Beach Week a film by David Raboy. 2015, USA, 18 min. Dream-like compositions conjure an ominous story of nostalgia and angst in Virginia Beach.


After showing new talent David Raboy’s first film The Giant, Le Cinéma Club presents his exciting new short, Beach Week. The film is another testimony to Raboy’s directing skills and vision and is again beautifully shot by his cinematographer and close collaborator Eric Yue. The story is set in Virginia Beach, where five college friends have rented a house for the week. When Laure goes missing, Natalie becomes terribly anxious and tries to find her friend. But ominous signs are in the air and something else might be at stake… The film contains many dreamy sequences, with camera movements inhabiting each scene like a ghostly presence that is both alien and familiar. With his use of voiceover and stunning visual composition, the director conjures a poignant atmosphere of feeling and emotion. More than a clear-cut narrative, Raboy conveys a sense of nostalgia, angst, vulnerability and magic that is carefully woven into the soundscape and images of his film.



“All I want to do with movies is convey a feeling… to me that’s what they’re ultimately for (or my favorite ones at least). I do believe that cinema is the closest thing we have to communal dreaming — these places we’ve been to that don’t exist, these people we know and love but will never meet… and when the credits roll, you’re still buzzing from the experience of something that never happened.” DAVID RABOY


When Raboy was still in high school, him and his friends would rent a house on Virginia Beach for a week in the summer. One summer his band played at a festival there. The film originated from a desire to recreate the magic of these youthful escapades, but Raboy also wanted to express the nostalgia that can underlie feelings of freedom and joy, the anguish that comes from the sense of time passing and the idea that happy moments will forever be lost or forgotten. “I’ll never forget the feeling,” recalls the director, “of coming out of the water, looking back at the ocean under a clear, black sky, and all those stars, and just getting this feeling in my gut, even despite all the giddiness that attended that moment, of some inescapable, crushing dread. It stuck with me forever. So I decided that’s what the next film would be about: the feeling of looking back at the ocean that night all those years ago, and the longing for things I knew I could never get back.”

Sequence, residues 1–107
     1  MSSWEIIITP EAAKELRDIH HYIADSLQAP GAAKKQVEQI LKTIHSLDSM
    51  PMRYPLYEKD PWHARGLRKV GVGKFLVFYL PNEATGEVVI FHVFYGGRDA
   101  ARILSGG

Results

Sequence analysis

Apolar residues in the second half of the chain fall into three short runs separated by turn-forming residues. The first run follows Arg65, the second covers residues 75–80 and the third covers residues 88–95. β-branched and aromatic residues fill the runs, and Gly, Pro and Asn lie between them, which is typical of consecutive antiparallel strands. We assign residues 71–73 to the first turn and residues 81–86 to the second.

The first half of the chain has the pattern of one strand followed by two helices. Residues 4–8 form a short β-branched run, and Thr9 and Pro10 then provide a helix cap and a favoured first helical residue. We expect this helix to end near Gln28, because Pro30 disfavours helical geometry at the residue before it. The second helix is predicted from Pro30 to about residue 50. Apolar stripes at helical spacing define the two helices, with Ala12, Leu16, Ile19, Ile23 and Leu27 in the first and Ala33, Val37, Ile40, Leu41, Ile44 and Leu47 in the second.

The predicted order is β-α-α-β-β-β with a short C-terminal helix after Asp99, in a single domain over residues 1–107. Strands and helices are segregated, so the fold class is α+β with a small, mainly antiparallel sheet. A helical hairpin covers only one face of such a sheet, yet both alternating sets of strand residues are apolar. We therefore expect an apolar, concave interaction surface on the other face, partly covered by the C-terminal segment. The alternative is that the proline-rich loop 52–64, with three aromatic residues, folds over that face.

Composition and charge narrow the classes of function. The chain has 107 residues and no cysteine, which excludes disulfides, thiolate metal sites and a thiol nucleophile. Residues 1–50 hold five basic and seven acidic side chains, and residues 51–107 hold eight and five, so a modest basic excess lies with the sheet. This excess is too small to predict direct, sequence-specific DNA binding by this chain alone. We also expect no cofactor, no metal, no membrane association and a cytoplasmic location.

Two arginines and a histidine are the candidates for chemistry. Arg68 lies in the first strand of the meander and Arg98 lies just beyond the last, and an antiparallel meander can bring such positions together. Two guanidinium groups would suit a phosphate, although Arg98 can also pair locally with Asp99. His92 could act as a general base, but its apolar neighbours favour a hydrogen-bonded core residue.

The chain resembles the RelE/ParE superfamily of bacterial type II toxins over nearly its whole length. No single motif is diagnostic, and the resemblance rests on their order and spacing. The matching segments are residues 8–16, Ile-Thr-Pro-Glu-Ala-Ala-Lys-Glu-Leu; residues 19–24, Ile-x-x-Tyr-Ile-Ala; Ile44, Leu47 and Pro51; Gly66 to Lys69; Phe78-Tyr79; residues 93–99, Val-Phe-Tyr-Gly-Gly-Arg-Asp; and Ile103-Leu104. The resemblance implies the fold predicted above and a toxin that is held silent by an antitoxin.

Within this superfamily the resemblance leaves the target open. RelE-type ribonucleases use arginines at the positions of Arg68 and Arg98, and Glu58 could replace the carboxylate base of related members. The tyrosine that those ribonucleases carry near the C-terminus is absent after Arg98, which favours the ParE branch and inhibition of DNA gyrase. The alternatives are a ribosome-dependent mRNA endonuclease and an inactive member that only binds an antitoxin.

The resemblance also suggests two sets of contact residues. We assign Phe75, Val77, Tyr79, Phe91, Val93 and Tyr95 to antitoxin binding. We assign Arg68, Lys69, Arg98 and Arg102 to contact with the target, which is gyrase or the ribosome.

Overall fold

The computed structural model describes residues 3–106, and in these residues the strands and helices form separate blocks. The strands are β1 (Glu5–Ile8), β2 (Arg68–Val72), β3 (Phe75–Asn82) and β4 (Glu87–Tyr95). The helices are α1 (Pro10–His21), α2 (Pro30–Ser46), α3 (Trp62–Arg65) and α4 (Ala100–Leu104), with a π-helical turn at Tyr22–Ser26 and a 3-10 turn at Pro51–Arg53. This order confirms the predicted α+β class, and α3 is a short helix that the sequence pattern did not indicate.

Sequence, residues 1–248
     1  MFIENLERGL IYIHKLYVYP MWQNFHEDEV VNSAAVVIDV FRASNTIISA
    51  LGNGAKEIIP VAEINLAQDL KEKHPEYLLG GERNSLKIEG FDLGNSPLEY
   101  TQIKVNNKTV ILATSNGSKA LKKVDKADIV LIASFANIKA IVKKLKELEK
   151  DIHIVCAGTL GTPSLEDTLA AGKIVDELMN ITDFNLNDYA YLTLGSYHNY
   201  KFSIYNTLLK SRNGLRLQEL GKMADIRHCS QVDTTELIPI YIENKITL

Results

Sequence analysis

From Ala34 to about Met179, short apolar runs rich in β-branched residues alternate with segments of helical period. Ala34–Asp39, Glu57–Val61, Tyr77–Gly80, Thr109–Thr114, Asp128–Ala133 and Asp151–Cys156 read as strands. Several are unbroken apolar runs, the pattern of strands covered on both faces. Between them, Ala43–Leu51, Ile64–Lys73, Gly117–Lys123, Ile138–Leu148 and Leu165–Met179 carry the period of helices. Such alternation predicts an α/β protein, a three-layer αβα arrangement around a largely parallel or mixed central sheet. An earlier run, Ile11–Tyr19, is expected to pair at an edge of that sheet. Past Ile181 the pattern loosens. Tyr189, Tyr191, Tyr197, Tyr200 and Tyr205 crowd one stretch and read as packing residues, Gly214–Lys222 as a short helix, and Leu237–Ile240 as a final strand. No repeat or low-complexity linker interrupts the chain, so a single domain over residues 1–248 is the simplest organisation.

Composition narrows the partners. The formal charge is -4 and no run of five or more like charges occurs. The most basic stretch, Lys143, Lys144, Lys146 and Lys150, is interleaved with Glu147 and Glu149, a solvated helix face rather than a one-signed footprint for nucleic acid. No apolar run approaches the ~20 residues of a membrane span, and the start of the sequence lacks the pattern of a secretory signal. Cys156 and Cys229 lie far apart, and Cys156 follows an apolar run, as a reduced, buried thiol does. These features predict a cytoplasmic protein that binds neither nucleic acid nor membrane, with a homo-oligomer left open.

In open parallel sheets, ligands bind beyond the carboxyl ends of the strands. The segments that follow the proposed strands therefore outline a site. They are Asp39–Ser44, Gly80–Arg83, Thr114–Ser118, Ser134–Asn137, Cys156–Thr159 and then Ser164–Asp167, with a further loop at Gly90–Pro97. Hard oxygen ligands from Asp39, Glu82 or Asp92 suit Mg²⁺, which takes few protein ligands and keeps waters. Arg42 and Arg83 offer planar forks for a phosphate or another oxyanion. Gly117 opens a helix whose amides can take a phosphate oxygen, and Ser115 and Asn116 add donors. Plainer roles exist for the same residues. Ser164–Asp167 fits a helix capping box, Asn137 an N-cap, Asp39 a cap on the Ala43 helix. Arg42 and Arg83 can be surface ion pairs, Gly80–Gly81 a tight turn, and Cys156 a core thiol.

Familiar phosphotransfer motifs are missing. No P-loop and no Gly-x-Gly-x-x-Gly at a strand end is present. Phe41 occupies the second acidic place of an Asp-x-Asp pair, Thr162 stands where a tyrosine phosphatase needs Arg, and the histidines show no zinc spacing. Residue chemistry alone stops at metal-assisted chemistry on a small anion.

The film was shot in 5 days on an Arri Studio with some of the last 35 mm Fuji film ever made, which Raboy bought during a liquidation sale. The crew was composed of 17 people who lived in the house where the film was shot, even though it only had room for 8 — “which means our bedrooms were on the set, so we’d wake up after three hours of sleep, pack up our blow-up mattresses, dress the set, shoot all day, drink a bunch of beer and recreate the sleeping quarters out of thin air,” explains the young director. Beach Week was selected at the International Short Film Festival of Clermont-Ferrand and was awarded Best International Fiction at the 24th Curtas Vila Do Conde Film Festival in Porto. David Raboy is currently working on his first feature based on The Giant.

Credits for
Deragh Campbell, Patrick Foley, Jana Fredricks, Hannah Gross & Zachary Webber
written by
David Raboy
produced by
Danny Dewes, Chloe Domont & Dustin Nakao-Haider
Eric Yue
Ari Balouzian
David Raboy